Goodwin, Ainsworth, Goodwin 2012 Lobbying and Policymaking
A trio of political science professors produced a book based upon ten years of research which demonstrates the importance of a knowledge of “OIRA procedures”; their research was supported by the National Science Foundation. “Spurred by the disconnect between what was being taught in the classroom and actual practice, Godwin, Ainsworth, and Godwin set out to answer the question, was political science missing some key aspects of the interactions between lobbyists and policy makers. Built on interviews with over 100 lobbyists, these authors show that much of the research on organized interests overlooks the lobbying of regulatory agencies even though it accounts for almost half of all lobbying…”
Shapiro 2011 OIRA Inside and Out
Former employee of the Office of Information and Regulatory Affairs (OIRA) at the Office of Management and Budget (OMB). Conducted executive branch reviews of labor and health regulations and a professor of public policy at Rutgers University.
West 2005 The Institutionalization of Regulatory Review
A professor of political science who has written extensively on the operation of federal agencies. He directs the Master in Public Service and Administration Program at the Bush School of Government and Public Service, Texas A&M University,
Friedman 1995 Regulation in the Reagan-Bush Era: The Eruption of Presidential Influence
A professor of political science at the University System of Georgia. He published his dissertation titled Regulation in the Reagan‑Bush Era: The Eruption of Presidential Influence which was at the time of its publication one the most extensive ex post reviews of centralized regulatory review.
1989 Gazell Trends in Centralized Control of the Executive Branch
A professor of Public Administration states: “The thesis of this paper is that the most persistent, conspicuous, and pervasive effect on regulation today has been centralization, which broadly denotes the expansion of federal executive responsibilities, primarily at the presidential level, and extensive governmental rules.”
Helco 1975 OMB and the Presidency
A professor of Public Affairs at George Mason University. He was previously a professor of government at Harvard University and George Washington University.
Discipline: Administrative Law
Farber and O’Connell 2014 The Lost World of Administrative Law
Two law professors document why Administrative Law as presently taught is becoming increasingly less relevant because it ignores the presence of institutions such as OIRA.
Percival 2011 Who is in Charge?
A published law professor identifies the Nixon Quality of Life Review as the first centralized regulatory review– a finding which was subsequently documented in extraordinary detail with the publication of OIRA’s Formative Years in the Administrative Law Review. The Quality of Life Review was also the most stringent of all centralized regulatory reviews and was designed–but not implemented outside the Corps of Engineers– during the Johnson Administration. The early existence of the Quality of LIfe Review substantiates the point made by Professor Rudalevige above–it takes more than the signing of an Executive Order to create the most significant institutional feature of the administrative state. The summation of the professor’s articles demonstrates the nearly overwhelming obstacles to the institutionalization of centralized regulatory review and therefore the need to have a knowledge of its alleged historical shortcomings in order to ensure that it, and its offspring [Data Quality Act and Regulatory Budget] continue to occupy a central presence in the management of the regulatory state.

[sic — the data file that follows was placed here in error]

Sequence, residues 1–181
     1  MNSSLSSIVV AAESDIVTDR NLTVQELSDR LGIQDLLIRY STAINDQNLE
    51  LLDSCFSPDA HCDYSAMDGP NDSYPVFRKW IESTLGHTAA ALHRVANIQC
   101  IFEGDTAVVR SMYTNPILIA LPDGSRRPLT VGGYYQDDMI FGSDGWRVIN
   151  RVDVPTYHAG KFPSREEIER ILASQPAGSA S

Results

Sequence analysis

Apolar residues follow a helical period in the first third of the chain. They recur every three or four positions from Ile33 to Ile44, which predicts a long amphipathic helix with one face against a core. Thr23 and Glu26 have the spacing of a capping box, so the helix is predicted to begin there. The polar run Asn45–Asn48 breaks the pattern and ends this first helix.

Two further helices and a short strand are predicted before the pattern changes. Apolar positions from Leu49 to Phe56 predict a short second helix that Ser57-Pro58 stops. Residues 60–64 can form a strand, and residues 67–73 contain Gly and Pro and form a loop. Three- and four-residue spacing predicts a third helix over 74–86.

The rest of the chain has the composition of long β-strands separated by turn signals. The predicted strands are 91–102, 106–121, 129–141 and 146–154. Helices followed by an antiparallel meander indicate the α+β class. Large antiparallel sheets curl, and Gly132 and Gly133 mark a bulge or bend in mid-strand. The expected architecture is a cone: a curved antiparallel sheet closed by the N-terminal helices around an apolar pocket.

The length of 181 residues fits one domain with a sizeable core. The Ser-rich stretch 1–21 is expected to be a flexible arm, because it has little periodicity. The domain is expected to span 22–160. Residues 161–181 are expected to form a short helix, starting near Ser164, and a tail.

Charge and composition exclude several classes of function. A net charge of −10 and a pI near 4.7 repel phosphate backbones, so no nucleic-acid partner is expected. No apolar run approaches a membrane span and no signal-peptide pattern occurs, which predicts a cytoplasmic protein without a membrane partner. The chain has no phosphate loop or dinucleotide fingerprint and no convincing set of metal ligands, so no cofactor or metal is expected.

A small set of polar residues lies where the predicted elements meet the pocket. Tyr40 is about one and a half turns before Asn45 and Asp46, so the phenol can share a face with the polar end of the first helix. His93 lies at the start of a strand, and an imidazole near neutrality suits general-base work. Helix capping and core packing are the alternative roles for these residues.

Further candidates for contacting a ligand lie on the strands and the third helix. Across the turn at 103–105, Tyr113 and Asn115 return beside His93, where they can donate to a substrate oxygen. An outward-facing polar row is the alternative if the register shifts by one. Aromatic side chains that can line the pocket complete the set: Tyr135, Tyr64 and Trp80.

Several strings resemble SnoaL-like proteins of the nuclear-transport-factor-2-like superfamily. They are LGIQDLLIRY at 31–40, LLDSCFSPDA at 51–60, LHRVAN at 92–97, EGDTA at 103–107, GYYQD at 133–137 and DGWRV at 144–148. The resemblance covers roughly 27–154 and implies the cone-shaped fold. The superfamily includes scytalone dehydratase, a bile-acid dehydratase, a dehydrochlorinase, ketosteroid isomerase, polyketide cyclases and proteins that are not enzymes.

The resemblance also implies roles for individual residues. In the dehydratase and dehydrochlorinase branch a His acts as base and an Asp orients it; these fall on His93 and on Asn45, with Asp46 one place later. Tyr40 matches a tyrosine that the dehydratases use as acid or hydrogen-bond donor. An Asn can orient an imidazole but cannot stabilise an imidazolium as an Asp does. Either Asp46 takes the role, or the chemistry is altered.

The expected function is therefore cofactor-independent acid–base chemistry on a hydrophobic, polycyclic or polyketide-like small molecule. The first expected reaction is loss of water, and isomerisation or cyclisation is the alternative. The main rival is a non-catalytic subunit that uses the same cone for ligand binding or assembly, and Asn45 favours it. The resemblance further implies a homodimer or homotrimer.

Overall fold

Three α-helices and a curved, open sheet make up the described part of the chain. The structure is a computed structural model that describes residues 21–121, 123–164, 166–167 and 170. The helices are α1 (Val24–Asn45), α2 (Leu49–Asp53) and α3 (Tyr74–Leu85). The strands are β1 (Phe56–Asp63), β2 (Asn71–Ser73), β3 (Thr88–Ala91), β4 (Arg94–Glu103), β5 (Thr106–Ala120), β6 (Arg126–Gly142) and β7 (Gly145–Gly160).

Revesz and Livermore 2008 Rethinking Rationality: How Cost-Benefit Analysis Can Better Protect the Environment and Our Health
The work product of two professors of law whose writings transcend the minutiae of “litigation-only” thinking and instead focus on macro issues such as OIRA’s emphasis on conducting benefit-cost analysis of regulations. Also see:
Born out of a Reagan-era desire to minimize regulatory costs, and not fundamentally reconsidered since its inception, the centralized review of agency rulemakings has arguably become the most important institutional feature of the regulatory state.
Discipline: Comparative Administrative Law
Chen 2017 Administrator-in-Chief
See this post.
Wiener Alemanno 2010 Comparing Regulatory Oversight Bodies Across the Atlantic: The Office of Information and Regulatory Affairs in the US and the Impact Assessment Board in the EU.
This article is the work product of two professors who performed an in-depth comparison of centralized regulatory review in the US with that of the EU. Published as a chapter in COMPARATIVE ADMINISTRATIVE LAW, Susan Rose-Ackerman & Peter Lindseth, eds., Edward Elgar, 2010
Francesco 2010 A Comparative Analysis of Administrative Innovations
The author compares the adoption patterns of four American-originated administrative innovations, i.e. freedom of information legislation, office of technology assessment, regulatory impact assessment, and environmental impact assessment, among EU and OECD member states
Marx 1942 Administrative Regulation in Comparative Perspective
A very early use comparative administrative law to delineate the difference between US and European approaches to regulation and control of the administrative state.
This space reserved for post June 2017 Hall of Fame Publications
The Origin of Applying Benefit-Cost Analysis to Regulations
Schmid: Origin of B/C Analysis for Regulations
Social Entrepreneurs and Management of the Regulatory State
Credentials OIRA Administrator
Observations Regulatory Reform
Histories Compiled by CRE
Organizations interested in providing support for the continuance of the OIRA History Project should contact CRE.